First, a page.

Although the majority of the film takes place in a (supposedly) previously unexplored cave in the Appalachians, Neil Marshall’s The Descent (2005) is a UK film, featuring an ensemble cast of women who are each from a different country. It originally had a limited release in the UK, but had a wide release in the United States in the following year. With an estimated budget of 3,500,000 pounds, it earned a worldwide gross of $31,005,153. The film had a weak opening weekend in the UK because the film was released the same week as the 2005 London bombings.
Filmmakers first considered filming the entire movie in a real cave, however, they ultimately decided that it would be too dangerous and too difficult to light. They instead built six artificial caves. There was one authentic setting, however: in the opening scene, the friends are white water rafting. This scene was done without any stunt doubles or special effects. I wonder if this is an attempt to repeat the same feat performed by the main cast members of Deliverance, especially since there are a number of direct references to the film.
Writer and director Neil Marshall wanted to capture real fear, so he made sure that the main actresses were unaware of what the creatures looked like or when they would appear in the film. In the scene where the creatures are first discovered by the group, the actresses had no idea that the creature actor was on set for a few seconds, resulting in a true reaction of terror when their flashlights happened to land on him.
There was a different ending to the film in which it is revealed that the main character, Sarah, has descended into madness. It was her who killed all of her friends in the cave after she imagined a group of creatures living within its depths. Marshall changed the ending when he decided that this would’ve been too obvious.
A year after surviving a traumatic car accident in which both her husband and only child were killed, Sarah (Shauna Macdonald) goes on a spelunking vacation with her adrenaline-loving friends, including Juno (Natalie Mendoza), Beth (Alex Reid), Rebecca (Saskia Mulder), Sam (MyAnna Buring), and Holly (Nora-Jane Noone). Unfortunately, Juno, who also seems to have had a secret affair with Sarah’s dead husband, hides the fact from the group that they are exploring an unmapped cave. Instead, she tells them that she chose an easy one for Sarah’s sake, since her recent tragedy has left her shaken (we see her taking pills the morning of their adventure, and she has a full-fledged panic attack early in the process of exploring the cave). Once Juno’s secret is revealed, the women begin to grow weary of each other and fight a lot. They also encounter a lot of obstacles as they try to find a way out of the cave: a tunnel collapses, they loose one of their rope sets, Holly falls and breaks her leg. As if all this wasn’t enough, they encounter a group of humanoid creatures who live in the cave and happily feast on human flesh. In their attempts to escape the monsters, the women become separated. Juno accidentally kills Beth. In her dying breaths, Beth tells Sarah not to trust Juno. Eventually, Juno and Sarah are the final survivors. Juno locates arrows which point towards the way out of the cave. Sarah kills Juno and escapes the cave herself.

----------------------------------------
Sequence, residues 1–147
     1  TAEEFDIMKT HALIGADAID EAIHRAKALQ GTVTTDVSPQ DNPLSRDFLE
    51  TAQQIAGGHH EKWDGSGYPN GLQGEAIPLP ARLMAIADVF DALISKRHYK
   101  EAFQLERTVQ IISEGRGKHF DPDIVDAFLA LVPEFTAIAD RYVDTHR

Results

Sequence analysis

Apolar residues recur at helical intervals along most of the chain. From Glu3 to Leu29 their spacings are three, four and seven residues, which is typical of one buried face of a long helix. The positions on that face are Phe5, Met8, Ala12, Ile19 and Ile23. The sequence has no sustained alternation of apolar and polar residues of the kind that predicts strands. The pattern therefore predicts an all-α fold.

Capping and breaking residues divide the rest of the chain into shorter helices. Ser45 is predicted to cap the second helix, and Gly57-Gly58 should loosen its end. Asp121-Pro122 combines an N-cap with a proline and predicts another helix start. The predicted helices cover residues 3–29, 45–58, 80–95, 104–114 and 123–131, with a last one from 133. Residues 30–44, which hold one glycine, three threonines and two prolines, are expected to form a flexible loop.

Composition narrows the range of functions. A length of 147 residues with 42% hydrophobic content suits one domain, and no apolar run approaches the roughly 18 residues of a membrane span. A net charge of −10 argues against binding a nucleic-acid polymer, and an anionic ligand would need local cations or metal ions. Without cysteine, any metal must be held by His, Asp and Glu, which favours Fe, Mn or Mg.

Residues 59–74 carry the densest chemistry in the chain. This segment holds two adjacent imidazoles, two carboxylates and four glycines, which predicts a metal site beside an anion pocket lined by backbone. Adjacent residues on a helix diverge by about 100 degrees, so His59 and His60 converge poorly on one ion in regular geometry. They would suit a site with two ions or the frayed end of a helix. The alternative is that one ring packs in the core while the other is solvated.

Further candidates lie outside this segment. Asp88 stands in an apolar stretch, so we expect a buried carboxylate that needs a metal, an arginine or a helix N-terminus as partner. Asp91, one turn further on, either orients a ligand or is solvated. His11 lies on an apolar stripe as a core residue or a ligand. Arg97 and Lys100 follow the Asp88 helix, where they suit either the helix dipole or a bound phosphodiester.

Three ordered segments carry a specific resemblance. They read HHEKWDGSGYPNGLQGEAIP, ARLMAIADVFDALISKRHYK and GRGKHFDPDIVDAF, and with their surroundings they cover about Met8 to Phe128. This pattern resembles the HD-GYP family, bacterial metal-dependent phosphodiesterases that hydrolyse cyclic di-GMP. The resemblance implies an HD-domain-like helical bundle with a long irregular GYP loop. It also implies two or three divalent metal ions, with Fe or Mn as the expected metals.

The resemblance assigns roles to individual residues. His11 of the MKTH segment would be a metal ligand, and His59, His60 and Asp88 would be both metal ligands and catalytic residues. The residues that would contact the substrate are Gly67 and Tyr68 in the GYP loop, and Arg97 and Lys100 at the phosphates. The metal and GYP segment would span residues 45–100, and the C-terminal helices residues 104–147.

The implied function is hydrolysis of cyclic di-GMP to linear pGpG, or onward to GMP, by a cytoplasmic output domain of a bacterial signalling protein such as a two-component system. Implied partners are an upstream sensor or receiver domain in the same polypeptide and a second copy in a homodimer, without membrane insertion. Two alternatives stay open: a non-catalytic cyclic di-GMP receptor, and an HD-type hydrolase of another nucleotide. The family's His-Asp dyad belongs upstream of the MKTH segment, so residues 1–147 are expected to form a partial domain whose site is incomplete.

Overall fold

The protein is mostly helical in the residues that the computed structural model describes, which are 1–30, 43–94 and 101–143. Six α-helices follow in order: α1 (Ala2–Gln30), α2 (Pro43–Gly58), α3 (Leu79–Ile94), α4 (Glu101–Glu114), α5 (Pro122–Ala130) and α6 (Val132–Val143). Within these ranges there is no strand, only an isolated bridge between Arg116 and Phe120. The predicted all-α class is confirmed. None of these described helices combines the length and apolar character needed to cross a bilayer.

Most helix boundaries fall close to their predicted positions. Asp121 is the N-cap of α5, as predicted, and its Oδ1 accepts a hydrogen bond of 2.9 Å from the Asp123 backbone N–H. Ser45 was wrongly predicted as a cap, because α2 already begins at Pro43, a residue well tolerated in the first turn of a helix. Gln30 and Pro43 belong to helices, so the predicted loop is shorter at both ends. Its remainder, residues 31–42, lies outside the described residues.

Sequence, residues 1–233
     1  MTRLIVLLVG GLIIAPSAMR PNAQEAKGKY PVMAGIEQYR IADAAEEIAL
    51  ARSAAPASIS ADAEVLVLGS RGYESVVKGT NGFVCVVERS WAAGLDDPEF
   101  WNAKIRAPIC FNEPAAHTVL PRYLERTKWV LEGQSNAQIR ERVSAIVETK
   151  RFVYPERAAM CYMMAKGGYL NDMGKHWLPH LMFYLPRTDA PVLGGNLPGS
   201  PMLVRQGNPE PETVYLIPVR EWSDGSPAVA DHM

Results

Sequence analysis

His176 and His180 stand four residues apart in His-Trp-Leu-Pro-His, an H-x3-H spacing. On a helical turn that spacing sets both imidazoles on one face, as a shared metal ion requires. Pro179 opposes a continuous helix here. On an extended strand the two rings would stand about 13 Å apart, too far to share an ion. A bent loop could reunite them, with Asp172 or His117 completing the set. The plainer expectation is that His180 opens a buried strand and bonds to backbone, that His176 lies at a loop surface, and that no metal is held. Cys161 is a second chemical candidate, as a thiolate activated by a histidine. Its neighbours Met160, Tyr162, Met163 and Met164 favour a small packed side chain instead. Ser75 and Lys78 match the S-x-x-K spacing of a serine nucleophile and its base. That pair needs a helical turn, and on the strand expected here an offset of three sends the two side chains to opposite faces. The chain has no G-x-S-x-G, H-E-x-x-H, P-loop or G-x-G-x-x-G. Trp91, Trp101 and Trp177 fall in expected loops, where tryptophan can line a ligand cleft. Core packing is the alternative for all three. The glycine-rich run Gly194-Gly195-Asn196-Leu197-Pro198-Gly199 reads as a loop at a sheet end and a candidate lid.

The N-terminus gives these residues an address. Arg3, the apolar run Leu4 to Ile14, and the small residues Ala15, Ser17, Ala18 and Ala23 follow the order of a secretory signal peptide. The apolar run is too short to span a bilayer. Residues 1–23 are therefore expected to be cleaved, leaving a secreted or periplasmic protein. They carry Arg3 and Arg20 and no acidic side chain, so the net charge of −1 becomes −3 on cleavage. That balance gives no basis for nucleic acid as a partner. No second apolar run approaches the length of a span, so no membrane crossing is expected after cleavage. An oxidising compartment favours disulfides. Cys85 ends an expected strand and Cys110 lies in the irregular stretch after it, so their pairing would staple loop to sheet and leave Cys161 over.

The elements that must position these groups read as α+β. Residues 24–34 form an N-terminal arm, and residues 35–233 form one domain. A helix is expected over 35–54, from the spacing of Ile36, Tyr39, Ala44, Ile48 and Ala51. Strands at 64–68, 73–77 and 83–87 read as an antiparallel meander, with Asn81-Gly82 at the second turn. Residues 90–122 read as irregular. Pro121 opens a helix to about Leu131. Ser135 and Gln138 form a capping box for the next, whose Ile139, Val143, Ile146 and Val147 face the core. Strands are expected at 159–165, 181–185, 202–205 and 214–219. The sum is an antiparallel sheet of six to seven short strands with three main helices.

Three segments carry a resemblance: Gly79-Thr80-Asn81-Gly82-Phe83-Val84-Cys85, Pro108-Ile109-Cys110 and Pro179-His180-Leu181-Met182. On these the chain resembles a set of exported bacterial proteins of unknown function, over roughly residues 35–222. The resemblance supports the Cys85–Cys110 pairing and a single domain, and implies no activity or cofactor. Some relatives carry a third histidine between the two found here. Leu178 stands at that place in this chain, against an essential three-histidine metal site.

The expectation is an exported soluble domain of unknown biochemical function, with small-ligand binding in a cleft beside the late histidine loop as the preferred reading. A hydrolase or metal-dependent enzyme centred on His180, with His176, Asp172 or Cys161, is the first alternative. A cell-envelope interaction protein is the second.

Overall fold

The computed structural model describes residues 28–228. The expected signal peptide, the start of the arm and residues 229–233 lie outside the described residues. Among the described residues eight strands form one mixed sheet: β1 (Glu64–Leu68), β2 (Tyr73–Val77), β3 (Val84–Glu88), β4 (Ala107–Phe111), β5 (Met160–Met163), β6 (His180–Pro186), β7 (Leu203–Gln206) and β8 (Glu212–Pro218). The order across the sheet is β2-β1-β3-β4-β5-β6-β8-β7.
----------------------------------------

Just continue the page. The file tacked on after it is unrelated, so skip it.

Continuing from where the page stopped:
Notes & Quotes
- There are a number of direct references to Deliverance. First, the women are seen white water rafting, the focus of the characters’ from Deliverance trip. Next, while driving to their cabin, Beth puts on banjo music on the car’s radio as a joke. One of the final shots is Sarah’s hand breaking through the earth and escaping from the cave. The shot seems to deliberately recreate one of the final shots of Deliverance (and Friday the 13th and Carrie… tons of horror directors seem to love this shot).
- There are two ways which viewers can decide to read this film: (1) the creatures were real; or, (2) the creatures were a figment of Sarah’s imagination and she killed all of her friends. No matter which the viewer chooses, there is massive degeneration as a result of the American environment present. If the creatures are real, then they are the dreadful result of evolution after a group of humans became trapped in the caves for generations. This is an extreme example of the dehumanization of hillbillies: as a result of their separation from human society and culture, they are no longer human. If the viewer decides that everything was in Sarah’s mind, then we have to assume that the cave itself triggered her hallucinations of the creatures. One of the characters reminds her friends before they enter the cave that prolonged time in the cave could result in hallucinations, among other things.
- No matter what, Sarah is transformed after her experience in the American wild. The final few moments depict a literal birthing of Sarah from the gothic earth. She is covered in blood and mud as she is pushed out of a tiny hole in the earth. No longer is she the terrified person in mourning she was at the start of the film: she has become an angry, violent, and wild figure. However, after driving a bit in their rental car after escaping, she seems to revert back to her former self, crying and puking after pulling off to the side of the road.
- Finally, it’s also worth noting The Descent’s ability to create claustrophobia. Shots like the one below really helped to emphasize the tightness of the cave’s tunnels.
The Descent (2005) by Caitlin Duffy is licensed under a Creative Commons Attribution-ShareAlike 4.0 International License.